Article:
A homeless drifter accused of the murders of retired Midland teacher and a vicar in Gloucestershire was an "uncontrollable child" who shot dead a swan with an air gun and killed other people's pets, a court has heard.

Dr Tim Rogers, a consultant forensic psychiatrist, told Bristol Crown Court that Stephen Farrow, 48, demonstrated many of the characteristics of a psychopath.

Farrow is accused of murdering 77-year-old Betty Yates, in Bewdley, Worcestershire, and Rev John Suddards, in Thornbury, Gloucestershire, this year.

He agreed Farrow was a "very dark" person while Farrow's barrister Peter Gower QC told the jury Farrow's mother had "understood there to be something wrong with him as a child".

When he was 10 he had set fire to a church altar and stood and watched as it burned.

He was expelled on his first day of school, shot dead a male swan with an air gun and killed other people's pets when they "did his head in", the court heard.
 
Dr Rogers agreed it was not possible to be sure when Farrow was telling the truth and when he was lying.

But he said that after assessing Farrow on two separate occasions in recent months and reading compiled reports spanning several years, he passed the threshold of psychopathy.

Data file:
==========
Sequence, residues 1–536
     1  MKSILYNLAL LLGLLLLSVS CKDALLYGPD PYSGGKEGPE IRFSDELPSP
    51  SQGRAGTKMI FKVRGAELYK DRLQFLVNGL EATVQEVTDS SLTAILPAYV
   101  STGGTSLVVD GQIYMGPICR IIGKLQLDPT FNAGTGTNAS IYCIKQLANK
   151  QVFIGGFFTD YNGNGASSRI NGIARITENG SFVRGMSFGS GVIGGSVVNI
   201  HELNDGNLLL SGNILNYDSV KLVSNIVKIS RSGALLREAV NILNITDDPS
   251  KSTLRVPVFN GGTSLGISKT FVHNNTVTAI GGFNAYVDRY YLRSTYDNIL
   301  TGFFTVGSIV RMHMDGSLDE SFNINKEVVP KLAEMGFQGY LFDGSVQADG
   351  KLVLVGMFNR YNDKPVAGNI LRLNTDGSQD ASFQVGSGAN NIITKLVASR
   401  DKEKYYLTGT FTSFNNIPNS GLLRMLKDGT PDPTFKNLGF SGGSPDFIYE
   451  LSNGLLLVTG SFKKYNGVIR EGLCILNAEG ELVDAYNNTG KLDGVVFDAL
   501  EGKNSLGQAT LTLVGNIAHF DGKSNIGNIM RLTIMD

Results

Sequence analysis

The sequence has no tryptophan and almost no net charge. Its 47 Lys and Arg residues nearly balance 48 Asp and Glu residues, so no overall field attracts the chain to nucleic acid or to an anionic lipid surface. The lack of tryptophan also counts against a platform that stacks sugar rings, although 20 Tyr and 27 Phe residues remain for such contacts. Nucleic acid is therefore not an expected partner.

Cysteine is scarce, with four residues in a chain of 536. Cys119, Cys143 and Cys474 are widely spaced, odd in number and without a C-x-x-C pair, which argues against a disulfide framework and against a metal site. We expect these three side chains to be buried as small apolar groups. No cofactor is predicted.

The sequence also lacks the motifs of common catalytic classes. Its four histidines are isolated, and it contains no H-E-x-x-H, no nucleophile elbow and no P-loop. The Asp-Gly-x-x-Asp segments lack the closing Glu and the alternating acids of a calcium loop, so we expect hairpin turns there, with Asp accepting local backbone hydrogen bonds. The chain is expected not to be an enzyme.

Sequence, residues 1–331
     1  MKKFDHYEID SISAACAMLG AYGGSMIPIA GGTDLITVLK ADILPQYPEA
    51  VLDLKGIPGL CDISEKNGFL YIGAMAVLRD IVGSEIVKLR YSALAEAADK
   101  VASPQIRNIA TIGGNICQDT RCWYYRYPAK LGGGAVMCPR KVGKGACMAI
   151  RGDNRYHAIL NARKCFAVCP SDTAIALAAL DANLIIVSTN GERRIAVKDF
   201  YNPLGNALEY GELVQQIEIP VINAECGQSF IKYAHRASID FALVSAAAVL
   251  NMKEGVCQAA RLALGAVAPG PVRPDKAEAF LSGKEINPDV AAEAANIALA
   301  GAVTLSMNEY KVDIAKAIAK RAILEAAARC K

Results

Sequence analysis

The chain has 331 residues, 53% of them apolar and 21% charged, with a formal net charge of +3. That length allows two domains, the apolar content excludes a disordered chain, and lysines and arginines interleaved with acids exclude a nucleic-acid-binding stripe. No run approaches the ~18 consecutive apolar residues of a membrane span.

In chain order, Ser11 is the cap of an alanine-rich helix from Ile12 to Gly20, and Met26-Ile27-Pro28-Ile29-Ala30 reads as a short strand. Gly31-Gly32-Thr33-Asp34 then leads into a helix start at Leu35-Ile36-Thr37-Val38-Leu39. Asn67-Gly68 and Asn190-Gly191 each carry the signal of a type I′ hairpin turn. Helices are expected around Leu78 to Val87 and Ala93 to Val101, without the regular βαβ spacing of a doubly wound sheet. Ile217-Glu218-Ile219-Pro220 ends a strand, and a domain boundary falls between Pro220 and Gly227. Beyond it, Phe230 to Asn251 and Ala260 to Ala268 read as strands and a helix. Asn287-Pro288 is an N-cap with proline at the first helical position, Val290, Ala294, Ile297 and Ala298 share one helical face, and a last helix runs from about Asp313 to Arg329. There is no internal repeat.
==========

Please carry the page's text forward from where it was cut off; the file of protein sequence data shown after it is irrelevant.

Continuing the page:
Farrow failed to accept responsibility for his actions and when giving an account of killing Rev John Suddards to Dr Rogers, he said: "The system has always underestimated and ignored me and now someone has lost their life."

But during cross examination by prosecutor Michael Fitton QC, Dr Rogers said he did not believe Farrow to be mentally ill.

Farrow, of no fixed address, was again not present in court having refused to leave Long Lartin prison in Worcestershire where he is being held.

He denies murdering Mr Suddards, 59, in February but admits his manslaughter on the grounds of diminished responsibility. He denies the murder of Mrs Yates in January.

But he has pleaded guilty to a separate charge of a burglary of a cottage in Thornbury over the Christmas and new year period.